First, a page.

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05 January 2016


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David Lentini


Jag Pop

"Neocon thinking"...

What tale had the appropriate line...?
"He is so devilishly sneaky that even he doesn't know what he is going to do next."

Did the Neocons ever really believe in Democracy? Maybe they told themselves that they did (maybe), but never admitted to themselves what they were really planning.

The Neocon "Democracy" was always - always - simply a Trojan Horse for Hegemony.

Knock it down and then install a Hamid Karzai (Afghanistan).
Knock it down and then install a Chalabi (Iraq).
Knock it down and then install a Khalifa Hifter (Libya).
Knock it down to empower Western leaning Fouad Siniora (Lebanon).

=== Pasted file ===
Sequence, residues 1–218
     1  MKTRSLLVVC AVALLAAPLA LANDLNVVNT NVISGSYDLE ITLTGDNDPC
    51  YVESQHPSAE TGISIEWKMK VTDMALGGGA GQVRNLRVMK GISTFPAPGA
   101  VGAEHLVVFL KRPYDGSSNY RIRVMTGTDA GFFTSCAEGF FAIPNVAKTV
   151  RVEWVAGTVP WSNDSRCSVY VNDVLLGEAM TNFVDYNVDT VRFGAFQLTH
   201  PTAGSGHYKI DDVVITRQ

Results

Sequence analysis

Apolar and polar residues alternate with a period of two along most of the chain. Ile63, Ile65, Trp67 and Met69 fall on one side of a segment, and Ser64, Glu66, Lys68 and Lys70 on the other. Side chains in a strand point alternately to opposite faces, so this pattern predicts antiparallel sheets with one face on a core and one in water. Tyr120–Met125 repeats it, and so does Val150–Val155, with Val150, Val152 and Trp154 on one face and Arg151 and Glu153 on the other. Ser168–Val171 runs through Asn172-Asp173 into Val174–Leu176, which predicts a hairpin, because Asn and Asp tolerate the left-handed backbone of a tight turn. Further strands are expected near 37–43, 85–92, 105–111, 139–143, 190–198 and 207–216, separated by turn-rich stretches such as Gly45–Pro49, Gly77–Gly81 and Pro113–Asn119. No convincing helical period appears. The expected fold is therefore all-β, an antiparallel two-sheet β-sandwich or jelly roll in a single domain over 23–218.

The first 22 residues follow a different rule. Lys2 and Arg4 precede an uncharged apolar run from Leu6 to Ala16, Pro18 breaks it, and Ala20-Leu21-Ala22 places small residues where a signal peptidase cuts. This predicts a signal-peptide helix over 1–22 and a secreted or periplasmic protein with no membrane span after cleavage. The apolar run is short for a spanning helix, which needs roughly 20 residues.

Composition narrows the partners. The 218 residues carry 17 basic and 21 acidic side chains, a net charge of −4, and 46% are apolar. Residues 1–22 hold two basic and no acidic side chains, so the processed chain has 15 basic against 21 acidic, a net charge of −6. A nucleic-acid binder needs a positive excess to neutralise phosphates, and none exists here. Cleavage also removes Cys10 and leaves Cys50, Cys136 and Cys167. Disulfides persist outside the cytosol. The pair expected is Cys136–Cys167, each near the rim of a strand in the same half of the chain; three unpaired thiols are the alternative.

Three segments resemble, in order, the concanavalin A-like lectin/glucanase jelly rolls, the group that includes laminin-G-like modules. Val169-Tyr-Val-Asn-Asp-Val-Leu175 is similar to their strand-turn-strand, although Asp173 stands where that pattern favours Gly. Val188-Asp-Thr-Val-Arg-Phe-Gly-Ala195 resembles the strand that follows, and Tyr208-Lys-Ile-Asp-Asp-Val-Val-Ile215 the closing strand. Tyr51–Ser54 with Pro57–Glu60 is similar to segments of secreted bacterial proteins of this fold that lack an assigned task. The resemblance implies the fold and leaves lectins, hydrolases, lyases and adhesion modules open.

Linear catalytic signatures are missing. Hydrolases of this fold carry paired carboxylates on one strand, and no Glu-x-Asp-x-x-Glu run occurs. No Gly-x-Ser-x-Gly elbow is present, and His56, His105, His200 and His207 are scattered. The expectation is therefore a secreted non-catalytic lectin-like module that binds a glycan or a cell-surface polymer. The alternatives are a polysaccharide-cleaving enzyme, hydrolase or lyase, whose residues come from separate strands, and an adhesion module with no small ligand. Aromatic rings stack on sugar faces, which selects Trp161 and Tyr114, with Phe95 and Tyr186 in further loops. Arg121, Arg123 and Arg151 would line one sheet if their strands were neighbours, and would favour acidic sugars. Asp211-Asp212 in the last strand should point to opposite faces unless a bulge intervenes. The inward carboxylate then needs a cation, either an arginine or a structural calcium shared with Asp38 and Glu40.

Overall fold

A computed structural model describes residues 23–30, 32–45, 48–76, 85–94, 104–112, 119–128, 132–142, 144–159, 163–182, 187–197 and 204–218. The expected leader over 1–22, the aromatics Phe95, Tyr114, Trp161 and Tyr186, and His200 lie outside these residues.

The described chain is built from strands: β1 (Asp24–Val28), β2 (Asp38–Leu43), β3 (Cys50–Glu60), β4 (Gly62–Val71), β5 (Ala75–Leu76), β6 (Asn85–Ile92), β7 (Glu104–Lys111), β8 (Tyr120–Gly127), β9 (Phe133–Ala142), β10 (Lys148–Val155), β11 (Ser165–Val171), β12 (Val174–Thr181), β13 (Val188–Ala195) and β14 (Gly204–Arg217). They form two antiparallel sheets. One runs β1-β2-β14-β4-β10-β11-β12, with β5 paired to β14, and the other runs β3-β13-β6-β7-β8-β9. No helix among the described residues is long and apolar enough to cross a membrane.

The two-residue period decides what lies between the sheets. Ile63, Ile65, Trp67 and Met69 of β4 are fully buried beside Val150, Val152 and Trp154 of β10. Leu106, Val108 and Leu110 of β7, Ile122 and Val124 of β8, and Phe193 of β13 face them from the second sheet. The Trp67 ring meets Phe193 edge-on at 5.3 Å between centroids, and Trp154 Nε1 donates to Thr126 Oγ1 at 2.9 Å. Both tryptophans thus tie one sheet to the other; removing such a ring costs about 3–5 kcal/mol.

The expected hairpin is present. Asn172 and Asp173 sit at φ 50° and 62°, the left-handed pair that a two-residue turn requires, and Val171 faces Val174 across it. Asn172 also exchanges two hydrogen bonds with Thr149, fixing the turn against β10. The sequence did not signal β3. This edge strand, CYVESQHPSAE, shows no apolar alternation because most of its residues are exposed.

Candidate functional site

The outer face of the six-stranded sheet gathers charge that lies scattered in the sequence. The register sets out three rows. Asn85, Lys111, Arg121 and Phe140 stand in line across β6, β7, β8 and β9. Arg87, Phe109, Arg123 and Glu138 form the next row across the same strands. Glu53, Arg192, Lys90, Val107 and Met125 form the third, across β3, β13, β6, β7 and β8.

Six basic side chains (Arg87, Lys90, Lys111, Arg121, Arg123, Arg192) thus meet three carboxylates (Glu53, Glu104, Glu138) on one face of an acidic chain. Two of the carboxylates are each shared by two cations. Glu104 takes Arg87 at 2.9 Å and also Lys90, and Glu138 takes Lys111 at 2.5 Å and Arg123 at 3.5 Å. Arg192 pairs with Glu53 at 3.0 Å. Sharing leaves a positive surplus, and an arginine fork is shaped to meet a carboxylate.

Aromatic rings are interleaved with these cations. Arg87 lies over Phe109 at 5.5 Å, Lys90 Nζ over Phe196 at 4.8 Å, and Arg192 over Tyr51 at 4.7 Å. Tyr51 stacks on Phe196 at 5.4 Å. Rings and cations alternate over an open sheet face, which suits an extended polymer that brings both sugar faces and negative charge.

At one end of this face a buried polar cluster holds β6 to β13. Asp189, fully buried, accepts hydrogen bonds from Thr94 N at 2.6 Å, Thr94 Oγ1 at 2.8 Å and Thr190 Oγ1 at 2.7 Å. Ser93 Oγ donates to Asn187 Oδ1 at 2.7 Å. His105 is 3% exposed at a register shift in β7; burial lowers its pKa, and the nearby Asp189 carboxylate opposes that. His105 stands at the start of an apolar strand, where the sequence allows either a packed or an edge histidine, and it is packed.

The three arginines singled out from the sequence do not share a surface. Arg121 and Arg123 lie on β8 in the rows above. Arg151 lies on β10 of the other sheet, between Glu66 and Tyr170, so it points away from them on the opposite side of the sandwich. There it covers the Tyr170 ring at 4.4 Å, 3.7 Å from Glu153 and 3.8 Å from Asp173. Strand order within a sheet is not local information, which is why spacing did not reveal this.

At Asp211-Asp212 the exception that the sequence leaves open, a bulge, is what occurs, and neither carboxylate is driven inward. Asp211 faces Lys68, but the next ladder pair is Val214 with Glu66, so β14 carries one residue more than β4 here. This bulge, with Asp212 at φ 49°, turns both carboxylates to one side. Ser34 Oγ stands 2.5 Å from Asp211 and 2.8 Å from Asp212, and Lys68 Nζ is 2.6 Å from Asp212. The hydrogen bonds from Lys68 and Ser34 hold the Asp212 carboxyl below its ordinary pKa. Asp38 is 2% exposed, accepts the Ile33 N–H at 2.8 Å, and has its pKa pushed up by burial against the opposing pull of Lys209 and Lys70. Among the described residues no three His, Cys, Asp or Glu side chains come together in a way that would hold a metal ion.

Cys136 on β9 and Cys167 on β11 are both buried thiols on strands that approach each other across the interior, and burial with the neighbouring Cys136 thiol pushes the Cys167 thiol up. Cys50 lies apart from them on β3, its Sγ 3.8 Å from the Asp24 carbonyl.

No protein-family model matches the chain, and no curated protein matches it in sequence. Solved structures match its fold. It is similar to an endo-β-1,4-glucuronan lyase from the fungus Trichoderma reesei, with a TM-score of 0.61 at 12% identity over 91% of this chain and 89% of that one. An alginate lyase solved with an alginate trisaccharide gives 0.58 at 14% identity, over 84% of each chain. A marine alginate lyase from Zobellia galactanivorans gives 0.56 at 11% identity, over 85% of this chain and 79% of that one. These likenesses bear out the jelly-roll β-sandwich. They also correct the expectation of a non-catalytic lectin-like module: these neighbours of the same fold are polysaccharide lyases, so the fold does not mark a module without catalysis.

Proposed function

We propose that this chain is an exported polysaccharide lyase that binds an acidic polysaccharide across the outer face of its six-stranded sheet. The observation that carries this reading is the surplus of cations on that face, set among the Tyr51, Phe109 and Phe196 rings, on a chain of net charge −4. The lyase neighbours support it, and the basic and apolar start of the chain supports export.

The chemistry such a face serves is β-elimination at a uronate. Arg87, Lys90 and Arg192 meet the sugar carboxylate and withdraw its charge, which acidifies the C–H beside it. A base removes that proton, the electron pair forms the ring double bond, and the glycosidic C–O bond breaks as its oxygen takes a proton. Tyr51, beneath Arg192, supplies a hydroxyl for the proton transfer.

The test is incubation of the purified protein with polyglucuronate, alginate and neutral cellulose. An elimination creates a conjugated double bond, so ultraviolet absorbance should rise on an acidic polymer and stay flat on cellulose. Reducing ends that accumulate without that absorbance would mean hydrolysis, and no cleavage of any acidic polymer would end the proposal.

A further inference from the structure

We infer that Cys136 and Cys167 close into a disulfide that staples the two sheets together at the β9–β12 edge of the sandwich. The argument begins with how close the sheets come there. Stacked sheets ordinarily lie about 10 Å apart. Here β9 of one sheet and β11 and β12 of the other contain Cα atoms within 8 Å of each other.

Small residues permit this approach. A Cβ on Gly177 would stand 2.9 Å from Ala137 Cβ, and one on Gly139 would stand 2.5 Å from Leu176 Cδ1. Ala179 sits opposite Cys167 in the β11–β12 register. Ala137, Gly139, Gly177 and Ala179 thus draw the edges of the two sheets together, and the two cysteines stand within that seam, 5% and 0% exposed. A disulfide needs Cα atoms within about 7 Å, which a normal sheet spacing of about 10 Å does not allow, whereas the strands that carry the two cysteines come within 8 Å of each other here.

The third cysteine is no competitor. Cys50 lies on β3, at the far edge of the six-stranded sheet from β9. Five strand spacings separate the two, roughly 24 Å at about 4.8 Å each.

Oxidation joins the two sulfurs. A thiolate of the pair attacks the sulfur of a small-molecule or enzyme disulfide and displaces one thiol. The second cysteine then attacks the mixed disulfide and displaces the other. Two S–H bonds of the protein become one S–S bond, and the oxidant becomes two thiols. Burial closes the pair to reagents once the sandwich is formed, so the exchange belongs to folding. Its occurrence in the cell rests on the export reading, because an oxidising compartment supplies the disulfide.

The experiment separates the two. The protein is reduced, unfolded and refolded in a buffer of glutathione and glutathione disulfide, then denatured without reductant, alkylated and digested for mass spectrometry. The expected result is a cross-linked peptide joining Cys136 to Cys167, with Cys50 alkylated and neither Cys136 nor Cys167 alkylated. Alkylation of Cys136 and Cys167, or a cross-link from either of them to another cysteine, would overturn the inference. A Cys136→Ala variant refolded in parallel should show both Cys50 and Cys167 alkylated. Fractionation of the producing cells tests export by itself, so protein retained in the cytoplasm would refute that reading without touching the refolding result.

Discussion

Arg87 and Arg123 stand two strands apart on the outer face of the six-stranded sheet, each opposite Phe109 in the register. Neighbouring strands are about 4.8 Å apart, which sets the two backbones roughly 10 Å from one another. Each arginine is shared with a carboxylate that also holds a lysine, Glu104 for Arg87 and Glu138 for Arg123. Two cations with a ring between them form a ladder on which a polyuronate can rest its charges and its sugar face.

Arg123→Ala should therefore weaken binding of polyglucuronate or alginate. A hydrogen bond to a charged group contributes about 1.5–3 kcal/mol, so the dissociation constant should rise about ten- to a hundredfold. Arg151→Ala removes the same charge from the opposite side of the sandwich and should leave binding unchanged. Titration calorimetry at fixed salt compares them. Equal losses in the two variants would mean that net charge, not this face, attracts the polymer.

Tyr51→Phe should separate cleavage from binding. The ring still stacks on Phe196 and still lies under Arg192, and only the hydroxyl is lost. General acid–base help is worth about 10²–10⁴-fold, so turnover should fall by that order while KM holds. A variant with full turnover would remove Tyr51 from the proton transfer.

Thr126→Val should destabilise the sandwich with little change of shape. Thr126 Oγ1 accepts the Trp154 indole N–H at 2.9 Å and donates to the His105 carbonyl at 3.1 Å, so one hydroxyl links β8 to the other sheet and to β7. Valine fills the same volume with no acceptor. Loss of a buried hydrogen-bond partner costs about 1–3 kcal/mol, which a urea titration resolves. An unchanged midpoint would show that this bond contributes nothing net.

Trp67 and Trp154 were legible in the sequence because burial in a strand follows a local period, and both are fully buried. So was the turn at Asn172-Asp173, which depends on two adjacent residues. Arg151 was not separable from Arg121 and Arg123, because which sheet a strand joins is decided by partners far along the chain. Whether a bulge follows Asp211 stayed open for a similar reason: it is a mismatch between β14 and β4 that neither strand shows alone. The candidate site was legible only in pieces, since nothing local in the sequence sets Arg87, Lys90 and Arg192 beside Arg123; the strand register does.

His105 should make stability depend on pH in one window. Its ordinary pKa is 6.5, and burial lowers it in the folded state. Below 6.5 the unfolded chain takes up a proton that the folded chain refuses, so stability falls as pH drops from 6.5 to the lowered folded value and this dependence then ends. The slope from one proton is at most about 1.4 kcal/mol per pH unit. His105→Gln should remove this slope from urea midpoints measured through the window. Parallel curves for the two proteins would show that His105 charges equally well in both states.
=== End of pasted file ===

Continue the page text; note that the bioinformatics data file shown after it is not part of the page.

Democracy meets Hegemony
births Demony

Linda Lau

I agree with what you say about western democracy, but I think they want more than safety. I think they want to be able to live their lives without fear and have a fair chance at achieving what they work for, I.e. Without overwhelming government corruption that can affect them very personally.

Cold War Zoomie

There is no substitute for living in foreign lands, and immersing yourself in other cultures. Our "elites" are anything but. I have given up on our ability to govern ourselves much less conduct a realistic foreign policy. I keep telling myself that we have weathered the same amount of ignorance and delusion before but it no longer eases my sense of doom. Can someone please speed up the eventual implosion of our empire so we can start rebuilding here at home? Ugh.


Democracy is not something that can be imported, like IPhones and Bentleys,

Nor is it something that can be imposed from outside,

or "adopted" like a Chinese baby,